When the first round of penalties kicked off, RT asked Is Google Evil Now?

I don’t think they are. I think they just have a different agenda from us bloggers. It’s their search engine, it’s their PageRank system and they can do what they like with them. My real frustration with Google is that they aren’t open enough about what’s happening and aren’t specific enough about the rules. No one really is really sure what’s okay and what’s not.

Getting slapped for something you thought was okay is a lot worse than getting slapped for something you knew was naughty.

PageRank Alternatives?

If PageRank is not an accurate reflection any more, can someone else come up with an alternative ranking system, which is fair and updated regularly?

There have been other ranking systems but they weren’t adopted widely. To be successful, such a system would have to be introduced by a big name.

My original thought, first voiced in the comments of Reflections On The Google Slapfest, is that Yahoo would be the ideal candidate. They must have a private ranking system already and they’d love to deal a blow to Google.

However, I found Yahoo already tried this back in 2004 (or thereabouts). Yahoo called their system Webrank, but it seems to have been abandoned long ago. When I searched for information on it, what I mostly found was webmasters saying that it was just a poor copy of PageRank and it wasn’t worth worrying about. So, to an extant, we’ve made our own bed.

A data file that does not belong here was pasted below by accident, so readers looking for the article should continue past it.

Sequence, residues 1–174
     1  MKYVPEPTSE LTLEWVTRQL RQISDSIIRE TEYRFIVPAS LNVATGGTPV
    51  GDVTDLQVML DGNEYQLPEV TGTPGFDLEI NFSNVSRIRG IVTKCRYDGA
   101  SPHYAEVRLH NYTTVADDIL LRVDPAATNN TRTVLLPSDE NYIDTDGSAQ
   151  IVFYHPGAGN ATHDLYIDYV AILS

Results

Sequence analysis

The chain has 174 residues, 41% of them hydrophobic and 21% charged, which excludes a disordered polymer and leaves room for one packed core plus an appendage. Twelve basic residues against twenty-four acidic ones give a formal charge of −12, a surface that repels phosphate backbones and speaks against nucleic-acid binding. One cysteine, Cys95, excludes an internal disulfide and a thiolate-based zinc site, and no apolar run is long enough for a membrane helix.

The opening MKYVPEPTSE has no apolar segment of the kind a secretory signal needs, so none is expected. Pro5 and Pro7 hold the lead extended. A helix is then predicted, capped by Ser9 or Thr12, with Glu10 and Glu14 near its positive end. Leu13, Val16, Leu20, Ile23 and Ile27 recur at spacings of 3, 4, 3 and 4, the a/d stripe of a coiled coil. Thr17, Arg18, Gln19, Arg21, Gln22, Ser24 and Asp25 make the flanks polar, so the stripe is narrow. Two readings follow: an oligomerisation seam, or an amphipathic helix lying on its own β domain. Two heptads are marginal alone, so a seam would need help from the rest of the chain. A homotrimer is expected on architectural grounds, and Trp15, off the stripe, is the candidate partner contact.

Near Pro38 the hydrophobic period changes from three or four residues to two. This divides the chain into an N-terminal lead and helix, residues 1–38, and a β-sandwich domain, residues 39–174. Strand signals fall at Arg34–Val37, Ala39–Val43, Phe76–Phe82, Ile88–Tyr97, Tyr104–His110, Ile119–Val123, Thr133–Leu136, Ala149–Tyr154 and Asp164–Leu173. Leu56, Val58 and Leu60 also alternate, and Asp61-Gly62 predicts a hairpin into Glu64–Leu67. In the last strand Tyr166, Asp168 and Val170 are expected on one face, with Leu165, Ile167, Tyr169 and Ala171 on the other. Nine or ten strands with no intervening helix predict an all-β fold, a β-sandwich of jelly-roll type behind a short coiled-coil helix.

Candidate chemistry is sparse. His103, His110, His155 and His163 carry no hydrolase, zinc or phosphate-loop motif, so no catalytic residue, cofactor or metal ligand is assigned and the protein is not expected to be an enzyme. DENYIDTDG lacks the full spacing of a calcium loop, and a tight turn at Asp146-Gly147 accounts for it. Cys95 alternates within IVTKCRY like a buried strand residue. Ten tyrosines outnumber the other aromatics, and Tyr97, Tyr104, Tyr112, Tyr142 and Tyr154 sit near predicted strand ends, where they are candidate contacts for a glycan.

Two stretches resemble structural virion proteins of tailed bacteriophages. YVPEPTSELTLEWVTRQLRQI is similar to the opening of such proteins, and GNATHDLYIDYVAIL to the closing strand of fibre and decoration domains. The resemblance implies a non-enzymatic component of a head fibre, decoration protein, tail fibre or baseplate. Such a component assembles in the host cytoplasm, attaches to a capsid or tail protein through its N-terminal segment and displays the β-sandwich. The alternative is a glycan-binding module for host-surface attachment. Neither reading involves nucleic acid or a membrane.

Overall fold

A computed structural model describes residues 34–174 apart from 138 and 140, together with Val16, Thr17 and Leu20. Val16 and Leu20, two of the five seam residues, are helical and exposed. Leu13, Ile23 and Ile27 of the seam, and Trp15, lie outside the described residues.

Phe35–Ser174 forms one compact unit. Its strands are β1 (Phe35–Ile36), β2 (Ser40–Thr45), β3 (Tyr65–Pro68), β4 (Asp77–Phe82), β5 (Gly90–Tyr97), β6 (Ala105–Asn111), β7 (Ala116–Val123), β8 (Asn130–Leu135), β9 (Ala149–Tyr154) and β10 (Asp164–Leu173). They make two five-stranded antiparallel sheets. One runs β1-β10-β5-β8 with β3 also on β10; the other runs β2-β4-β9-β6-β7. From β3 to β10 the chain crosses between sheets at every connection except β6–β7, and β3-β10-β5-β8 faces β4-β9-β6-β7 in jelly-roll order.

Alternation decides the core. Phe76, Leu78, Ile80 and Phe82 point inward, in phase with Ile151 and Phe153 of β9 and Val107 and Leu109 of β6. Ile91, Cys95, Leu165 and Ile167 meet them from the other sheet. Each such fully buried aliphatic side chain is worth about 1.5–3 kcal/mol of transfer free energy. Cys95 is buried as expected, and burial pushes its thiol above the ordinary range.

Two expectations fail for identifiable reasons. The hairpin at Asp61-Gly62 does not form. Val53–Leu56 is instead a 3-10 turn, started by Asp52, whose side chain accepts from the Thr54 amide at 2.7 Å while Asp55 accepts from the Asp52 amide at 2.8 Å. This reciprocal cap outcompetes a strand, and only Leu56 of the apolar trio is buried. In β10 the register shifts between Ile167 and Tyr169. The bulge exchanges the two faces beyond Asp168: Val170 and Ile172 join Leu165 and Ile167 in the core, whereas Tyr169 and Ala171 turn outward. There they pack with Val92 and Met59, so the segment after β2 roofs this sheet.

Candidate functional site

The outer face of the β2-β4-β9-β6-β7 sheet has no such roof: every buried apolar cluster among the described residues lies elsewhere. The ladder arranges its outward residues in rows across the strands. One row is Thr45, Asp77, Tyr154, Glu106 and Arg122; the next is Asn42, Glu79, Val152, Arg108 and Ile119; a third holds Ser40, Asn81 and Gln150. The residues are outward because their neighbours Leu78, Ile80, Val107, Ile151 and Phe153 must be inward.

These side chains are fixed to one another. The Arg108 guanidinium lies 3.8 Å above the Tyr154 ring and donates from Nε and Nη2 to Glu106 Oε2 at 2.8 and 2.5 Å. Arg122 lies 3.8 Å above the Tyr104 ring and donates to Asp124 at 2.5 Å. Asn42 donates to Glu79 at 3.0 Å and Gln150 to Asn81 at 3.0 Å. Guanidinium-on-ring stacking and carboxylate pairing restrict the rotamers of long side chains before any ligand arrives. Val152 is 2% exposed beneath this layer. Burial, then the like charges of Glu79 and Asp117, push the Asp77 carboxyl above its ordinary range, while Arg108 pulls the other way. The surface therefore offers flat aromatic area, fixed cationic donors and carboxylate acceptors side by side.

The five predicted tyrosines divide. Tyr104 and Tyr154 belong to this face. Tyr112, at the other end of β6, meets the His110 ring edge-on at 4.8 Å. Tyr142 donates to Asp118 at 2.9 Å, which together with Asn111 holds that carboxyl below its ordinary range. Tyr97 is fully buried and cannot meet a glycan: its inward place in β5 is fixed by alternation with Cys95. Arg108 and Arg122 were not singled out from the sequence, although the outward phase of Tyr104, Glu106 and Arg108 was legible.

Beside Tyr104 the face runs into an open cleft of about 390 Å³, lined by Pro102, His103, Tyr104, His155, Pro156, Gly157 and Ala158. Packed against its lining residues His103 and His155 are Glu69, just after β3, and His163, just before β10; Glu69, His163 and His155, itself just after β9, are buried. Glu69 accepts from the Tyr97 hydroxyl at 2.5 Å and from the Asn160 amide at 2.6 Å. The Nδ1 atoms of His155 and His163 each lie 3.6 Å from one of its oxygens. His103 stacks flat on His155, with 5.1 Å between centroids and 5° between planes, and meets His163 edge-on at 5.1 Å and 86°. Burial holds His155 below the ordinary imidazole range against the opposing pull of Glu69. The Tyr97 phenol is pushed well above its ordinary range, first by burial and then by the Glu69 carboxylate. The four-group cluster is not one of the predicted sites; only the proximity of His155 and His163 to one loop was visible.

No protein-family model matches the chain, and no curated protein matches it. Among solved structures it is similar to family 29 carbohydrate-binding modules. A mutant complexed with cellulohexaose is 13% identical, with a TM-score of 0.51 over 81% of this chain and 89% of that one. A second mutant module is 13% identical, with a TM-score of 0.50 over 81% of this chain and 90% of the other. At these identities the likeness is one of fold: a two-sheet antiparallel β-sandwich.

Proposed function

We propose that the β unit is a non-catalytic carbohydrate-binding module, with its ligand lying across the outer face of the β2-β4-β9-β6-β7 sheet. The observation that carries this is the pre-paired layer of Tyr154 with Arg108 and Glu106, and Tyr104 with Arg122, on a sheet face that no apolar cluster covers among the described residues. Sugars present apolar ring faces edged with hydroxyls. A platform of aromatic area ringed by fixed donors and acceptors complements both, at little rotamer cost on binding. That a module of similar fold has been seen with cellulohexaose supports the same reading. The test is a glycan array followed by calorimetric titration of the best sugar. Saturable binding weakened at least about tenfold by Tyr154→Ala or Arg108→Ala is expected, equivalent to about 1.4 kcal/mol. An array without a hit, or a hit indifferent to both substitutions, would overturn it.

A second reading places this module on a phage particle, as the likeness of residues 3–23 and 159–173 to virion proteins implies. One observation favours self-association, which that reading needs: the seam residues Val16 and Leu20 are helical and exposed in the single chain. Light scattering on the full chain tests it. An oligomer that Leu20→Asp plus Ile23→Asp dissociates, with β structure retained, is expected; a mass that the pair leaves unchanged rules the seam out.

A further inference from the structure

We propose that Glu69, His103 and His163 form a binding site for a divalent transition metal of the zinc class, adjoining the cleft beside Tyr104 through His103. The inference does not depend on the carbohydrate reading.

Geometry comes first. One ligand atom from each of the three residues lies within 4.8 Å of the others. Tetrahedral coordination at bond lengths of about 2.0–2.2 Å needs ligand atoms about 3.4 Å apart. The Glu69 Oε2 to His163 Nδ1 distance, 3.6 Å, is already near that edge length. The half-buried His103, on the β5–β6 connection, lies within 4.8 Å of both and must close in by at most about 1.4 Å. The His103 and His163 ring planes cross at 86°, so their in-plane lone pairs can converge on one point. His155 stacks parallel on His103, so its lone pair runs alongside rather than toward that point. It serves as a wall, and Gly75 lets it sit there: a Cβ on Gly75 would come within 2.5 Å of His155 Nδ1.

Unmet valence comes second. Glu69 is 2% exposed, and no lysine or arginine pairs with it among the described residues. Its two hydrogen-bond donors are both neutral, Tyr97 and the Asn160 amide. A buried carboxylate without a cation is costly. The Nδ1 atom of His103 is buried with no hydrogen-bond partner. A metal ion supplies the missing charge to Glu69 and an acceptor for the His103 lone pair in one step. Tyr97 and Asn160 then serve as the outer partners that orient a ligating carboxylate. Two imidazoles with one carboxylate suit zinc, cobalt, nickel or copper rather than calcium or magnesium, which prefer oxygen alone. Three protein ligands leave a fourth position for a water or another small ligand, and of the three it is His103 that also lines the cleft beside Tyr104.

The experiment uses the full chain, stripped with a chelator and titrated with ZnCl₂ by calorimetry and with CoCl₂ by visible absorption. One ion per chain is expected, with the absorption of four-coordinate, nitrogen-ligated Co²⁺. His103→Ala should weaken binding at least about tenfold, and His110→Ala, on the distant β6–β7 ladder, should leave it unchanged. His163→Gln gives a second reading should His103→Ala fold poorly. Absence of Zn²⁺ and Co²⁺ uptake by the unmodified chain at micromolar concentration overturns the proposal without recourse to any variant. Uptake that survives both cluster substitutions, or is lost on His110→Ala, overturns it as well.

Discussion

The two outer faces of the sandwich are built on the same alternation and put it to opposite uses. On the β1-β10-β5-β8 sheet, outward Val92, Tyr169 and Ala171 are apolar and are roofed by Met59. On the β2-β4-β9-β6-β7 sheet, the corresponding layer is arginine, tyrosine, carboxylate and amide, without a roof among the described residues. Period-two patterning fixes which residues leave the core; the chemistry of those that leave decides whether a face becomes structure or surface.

It’s worth noting that I also found complaints about Yahoo applying penalties. Sound familiar?

Maybe it just isn’t going to get any better. Or maybe we are underestimating how hard it is to make systems covering such a massive number of sites work successfully. Still I’d like to see Yahoo have a go.

What I Won’t Be Doing

I won’t be stopping writing sponsored posts. Adsense: 35 cents in a month; Sponsored Posts: $16 for one post (on a topic I’d write about anyway). If you can pass my Maths Comment Spam Protection, you can add this up!

I won’t be cloaking Nofollows so only Google sees them – Thanks Lucia.

And I won’t be talking about this any more. Well maybe in the comments. :)

The Final Word

I’ve said my piece. Now I’m moving on…

22 responses on “Final Thoughts On The PageRank Debacle

  1. Lucia

    Thanks for the links. :)

    Many keep suggesting an alternative ranking system. But, there’s a fundamental problem with that. We could create a million ranking systems, but only Google’s system counts with Google. Google drives a lot of traffic, many take Google’s rank as an indication of whether or not they will tend to appear in Google SERPs. Their rankings are also made available free of charge.

    Would a “third party” rank be seen as providing a good indication? Only if they could somehow prove they had very good predictive value. Why would anyone develop such a tool and provide it free of charge to the world?